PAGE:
Referring now to FIGS. 26 and 27, yet another alternative embodiment is illustrated. In this alternative housing 16 and overlies the airflow inlet opening 44. The sheet transfer plate 154 has undulating rib portions 156 which are laterally spaced apart in side-by-side relation and extend substantially in circumferentially alignment with the sheet transfer path P. The transfer plate 154 has trough portions 158 which are intersected by large area airflow apertures 160 and by relatively smaller airflow apertures 162. Preferably the circumferentially extending rib portions 156 are laterally spaced apart to permit rotary passage of gripping means as previously discussed. Moreover, the airflow apertures 160 overlying the upper vacuum chamber region 50B have a total effective airflow passage area which is relatively greater than the total effective airflow passage area provided by the airflow apertures 162 which overlie the lower vacuum chamber region 50A. According to this arrangement, the ribs 156 provides smooth surfaces for supporting a sheet material as it is pulled along the transfer path P, with the area of surface engagement being minimized to reduce frictional engagement and drag.

It should be understood that the support bars, ribs, nodes and other sheet engaging surfaces of the various embodiments discussed above have a coating of low friction material, such as Teflon, to further reduce frictional drag. It will be appreciated that in each of the various embodiments described above that surface contact engagement between sheet material and the contacting components, whether it be the linear support bars, the curved support bars, the nodes, or the undulating ribs, that surface contact with sheet material is minimized, thereby reducing frictional drag. Moreover, in those embodiments which include gripper bar slots, the sheet material can be positioned closely to the vacuum source, thereby requiring less suction airflow, thereby minimizing leakage and reducing the suction airflow requirements.

A further advantage of the foregoing sheet transfer apparatus is that the conventional transfer components such as skeleton wheels and air cushion cylinders can be completely removed from the press, thereby providing space for auxiliary equipment such as dryers.

From the foregoing description, it will be appreciated that the sheet transfer system 10 positively prevents streaking, smudging or smearing of a printed sheet S after the sheet material has been taken from an impression cylinder. This is made possible by the suction force which pulls the dry, unprinted side of each sheet onto the guide support bars, thereby avoiding contact of the printed surface of the sheet material against a transfer cylinder as it is transferred from one printing station to another. Preventative make-ready work which has been required in connection with conventional skeleton wheels is eliminated. The sheet transfer system 10 may be installed directly adjacent to existing transfer cylinders. In new installations, the conventional skeleton wheel and transfer cylinder shells are eliminated. It will be appreciated that since the sheet S is not contacted or engaged by pointed surfaces of a skeleton wheel, that the sheet transfer system 10 does not alter or impose changes in the dimensions of the sheet and its printing registration. Moreover, marking or smearing of the printed side of the sheet material which has previously been caused by fluttering displacement of the sheet as it transfers through a reverse curvilinear path to the next printing station is avoided since the sheet is stabilized and supported against the guide support bars by the suction force applied through the airflow apertures. Marking or smearing of the printed side of the sheet which has previously been caused by tail slap is prevented, since the trailing edge of each sheet is stabilized and pulled against the support bars of the sheet transfer system 10.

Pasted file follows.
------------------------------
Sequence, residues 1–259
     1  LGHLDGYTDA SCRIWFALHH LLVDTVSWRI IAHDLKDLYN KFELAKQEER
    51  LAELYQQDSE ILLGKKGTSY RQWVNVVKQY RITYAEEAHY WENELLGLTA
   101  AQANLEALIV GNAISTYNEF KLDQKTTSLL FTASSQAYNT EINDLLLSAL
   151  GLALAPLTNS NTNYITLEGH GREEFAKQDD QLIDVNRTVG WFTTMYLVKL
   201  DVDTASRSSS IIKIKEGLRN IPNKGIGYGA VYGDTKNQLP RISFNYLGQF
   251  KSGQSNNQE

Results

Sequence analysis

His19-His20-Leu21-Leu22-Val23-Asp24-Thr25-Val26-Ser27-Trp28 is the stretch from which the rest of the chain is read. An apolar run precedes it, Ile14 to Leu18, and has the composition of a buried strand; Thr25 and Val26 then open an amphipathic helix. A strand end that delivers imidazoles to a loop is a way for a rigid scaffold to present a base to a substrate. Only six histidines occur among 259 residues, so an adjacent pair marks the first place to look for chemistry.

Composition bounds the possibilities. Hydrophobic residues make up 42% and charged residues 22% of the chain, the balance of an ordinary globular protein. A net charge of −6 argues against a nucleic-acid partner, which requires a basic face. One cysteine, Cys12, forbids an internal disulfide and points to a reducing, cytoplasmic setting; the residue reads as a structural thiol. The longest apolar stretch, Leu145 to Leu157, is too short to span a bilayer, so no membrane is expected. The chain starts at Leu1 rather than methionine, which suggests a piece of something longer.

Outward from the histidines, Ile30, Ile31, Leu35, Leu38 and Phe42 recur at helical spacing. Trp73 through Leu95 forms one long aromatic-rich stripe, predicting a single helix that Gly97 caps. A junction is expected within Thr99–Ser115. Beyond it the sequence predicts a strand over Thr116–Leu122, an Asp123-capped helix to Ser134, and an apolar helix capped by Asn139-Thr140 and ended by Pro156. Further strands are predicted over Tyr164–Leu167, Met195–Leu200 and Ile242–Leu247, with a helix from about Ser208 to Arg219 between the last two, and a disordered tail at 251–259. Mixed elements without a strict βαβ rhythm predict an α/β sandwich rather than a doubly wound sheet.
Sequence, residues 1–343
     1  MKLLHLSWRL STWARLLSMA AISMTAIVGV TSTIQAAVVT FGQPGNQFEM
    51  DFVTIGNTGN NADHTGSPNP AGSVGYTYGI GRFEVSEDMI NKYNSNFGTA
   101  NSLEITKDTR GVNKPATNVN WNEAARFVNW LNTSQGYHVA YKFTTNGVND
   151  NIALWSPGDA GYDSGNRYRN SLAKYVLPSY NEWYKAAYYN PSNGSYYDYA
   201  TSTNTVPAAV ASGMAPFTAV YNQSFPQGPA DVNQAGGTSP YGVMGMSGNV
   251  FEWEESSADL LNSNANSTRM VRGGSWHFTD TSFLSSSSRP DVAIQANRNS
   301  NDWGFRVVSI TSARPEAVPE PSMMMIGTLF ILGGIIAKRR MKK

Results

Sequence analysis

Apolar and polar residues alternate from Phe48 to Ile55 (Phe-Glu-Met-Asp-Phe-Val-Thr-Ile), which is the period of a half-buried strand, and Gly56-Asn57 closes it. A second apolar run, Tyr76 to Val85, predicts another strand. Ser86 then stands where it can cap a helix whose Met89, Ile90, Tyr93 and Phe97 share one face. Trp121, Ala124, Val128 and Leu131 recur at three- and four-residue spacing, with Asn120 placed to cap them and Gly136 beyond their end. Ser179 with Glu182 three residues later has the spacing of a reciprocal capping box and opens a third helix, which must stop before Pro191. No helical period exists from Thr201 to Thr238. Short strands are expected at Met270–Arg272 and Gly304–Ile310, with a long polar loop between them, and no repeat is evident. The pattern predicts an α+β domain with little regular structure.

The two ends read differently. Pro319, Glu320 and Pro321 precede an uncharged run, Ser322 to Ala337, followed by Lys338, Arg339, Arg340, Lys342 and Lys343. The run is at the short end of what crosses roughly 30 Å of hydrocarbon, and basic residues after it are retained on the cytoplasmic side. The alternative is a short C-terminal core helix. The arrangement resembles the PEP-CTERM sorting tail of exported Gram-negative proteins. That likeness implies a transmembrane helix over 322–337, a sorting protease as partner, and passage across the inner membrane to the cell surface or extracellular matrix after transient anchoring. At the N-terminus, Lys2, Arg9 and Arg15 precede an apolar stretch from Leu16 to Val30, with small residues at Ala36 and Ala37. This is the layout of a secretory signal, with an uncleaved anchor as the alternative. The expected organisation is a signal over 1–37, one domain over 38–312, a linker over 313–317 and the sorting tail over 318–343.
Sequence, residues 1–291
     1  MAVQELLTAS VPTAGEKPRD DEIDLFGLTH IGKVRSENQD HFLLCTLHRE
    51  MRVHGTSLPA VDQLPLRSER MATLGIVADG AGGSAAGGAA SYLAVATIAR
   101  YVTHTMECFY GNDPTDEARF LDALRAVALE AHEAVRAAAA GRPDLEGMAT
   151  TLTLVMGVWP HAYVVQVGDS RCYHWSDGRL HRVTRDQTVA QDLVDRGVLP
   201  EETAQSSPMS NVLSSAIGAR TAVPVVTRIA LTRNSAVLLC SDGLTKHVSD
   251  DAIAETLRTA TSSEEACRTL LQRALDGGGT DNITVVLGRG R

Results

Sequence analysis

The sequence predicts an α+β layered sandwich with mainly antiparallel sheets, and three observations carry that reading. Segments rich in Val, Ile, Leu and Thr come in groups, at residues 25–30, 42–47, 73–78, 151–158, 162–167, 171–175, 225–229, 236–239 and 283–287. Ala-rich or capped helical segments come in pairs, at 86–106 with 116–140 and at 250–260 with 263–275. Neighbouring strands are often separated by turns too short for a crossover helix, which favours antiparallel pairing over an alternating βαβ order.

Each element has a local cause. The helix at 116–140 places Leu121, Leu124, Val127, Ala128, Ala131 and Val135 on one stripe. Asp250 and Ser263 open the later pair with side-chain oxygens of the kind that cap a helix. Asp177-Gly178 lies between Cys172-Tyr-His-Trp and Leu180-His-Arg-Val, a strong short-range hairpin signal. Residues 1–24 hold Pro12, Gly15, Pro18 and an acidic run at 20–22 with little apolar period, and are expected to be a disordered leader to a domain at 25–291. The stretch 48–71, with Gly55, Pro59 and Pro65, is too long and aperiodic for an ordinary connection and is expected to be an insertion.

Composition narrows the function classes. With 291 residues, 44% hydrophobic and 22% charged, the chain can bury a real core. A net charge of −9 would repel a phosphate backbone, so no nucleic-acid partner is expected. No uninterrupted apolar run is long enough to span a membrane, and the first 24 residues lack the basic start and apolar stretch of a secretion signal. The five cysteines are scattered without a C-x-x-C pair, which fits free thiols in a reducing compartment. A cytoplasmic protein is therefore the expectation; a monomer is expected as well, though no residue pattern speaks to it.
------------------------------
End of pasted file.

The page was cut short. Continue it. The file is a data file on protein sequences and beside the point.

Although the invention has been described in part by making detailed reference to specific alternative embodiments, such detail is intended to be, and will be understood to be, instructional rather than restrictive. It will be appreciated by those skilled in the art that variations may be made in the structure and mode of operation without departing from the spirit and scope of the invention as disclosed herein.

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Referenced by
Citing PatentFiling datePublication dateApplicantTitle
US5456178 *Dec 30, 1993Oct 10, 1995Heidelberger Druckmaschinen AgPrinting machine with sheet-guiding surface
US5488905 *Apr 10, 1995Feb 6, 1996Howard W. DeMooreAir-dam for printing press vacuum transfer apparatus
US5505124 *Mar 1, 1995Apr 9, 1996Heidelberger Druckmaschinen AktiengesellschaftPrinting press with a device for providing a suction force
US5511480 *Apr 27, 1995Apr 30, 1996Howard W. DeMooreMethod and apparatus for handling printed sheet material
US5816155 *May 15, 1997Oct 6, 1998Heidelberger Druckmaschinen AgSheet guiding device for printing presses
US5842412 *Mar 7, 1997Dec 1, 1998Bba Nonwovens Simpsonville, Inc.Anti-marking covering for printing press transfer cylinder
US6073556 *Jul 18, 1996Jun 13, 2000Howard W. DeMooreMethod and apparatus for handling printed sheet material
US6119597 *Jun 14, 1994Sep 19, 2000Howard W. DeMooreMethod and apparatus for handling printed sheet material
US6125754 *Oct 30, 1998Oct 3, 2000Harris; J. C.Web pressurizing channeled roller and method
US6192800 *Jan 27, 1995Feb 27, 2001Howard W. DeMooreMethod and apparatus for handling printed sheet material
US6378425Jun 12, 1998Apr 30, 2002Heidelberger Druckmaschinen AgSheet-guiding device for printing presses
US6637328 *Jun 16, 2000Oct 28, 2003Ecrm, Inc.Imaging system
US6640706 *Oct 30, 2000Nov 4, 2003Heidelberger Druckmaschinen AgGuiding device for an areal printing material
US6823782 *Nov 26, 2001Nov 30, 2004Riso Kagaku CorporationStencil printing machine
US20120224012 *Mar 1, 2012Sep 6, 2012Takahiro InoueSheet conveying device and ink jet recording apparatus
EP0767054A2Oct 2, 1996Apr 9, 1997DeMoore, Howard W.Printing or coating unit for a rotary offset printing press
EP0767057A2Oct 2, 1996Apr 9, 1997DeMoore, Howard W.A rotary offset printing press
EP0767058A2Oct 2, 1996Apr 9, 1997DeMoore, Howard W.Printing press
Classifications
U.S. Classification101/420, 271/194, 271/188, 101/232
International ClassificationB41F22/00, B41F21/10, B41F21/08
Cooperative ClassificationB41F21/08, B41F22/00, B41F21/102
European ClassificationB41F22/00, B41F21/08, B41F21/10B
Legal Events
DateCodeEventDescription
Dec 12, 2007ASAssignment
Owner name: PRINTING RESEARCH, INC., TEXAS
Free format text: ASSIGNMENT OF ASSIGNORS INTEREST;ASSIGNOR:DEMOORE, HOWARD W.;REEL/FRAME:020227/0737
Effective date: 20071130
Mar 14, 2005FPAYFee payment
Year of fee payment: 12
Feb 22, 2001FPAYFee payment
Year of fee payment: 8
Feb 10, 1997FPAYFee payment
Year of fee payment: 4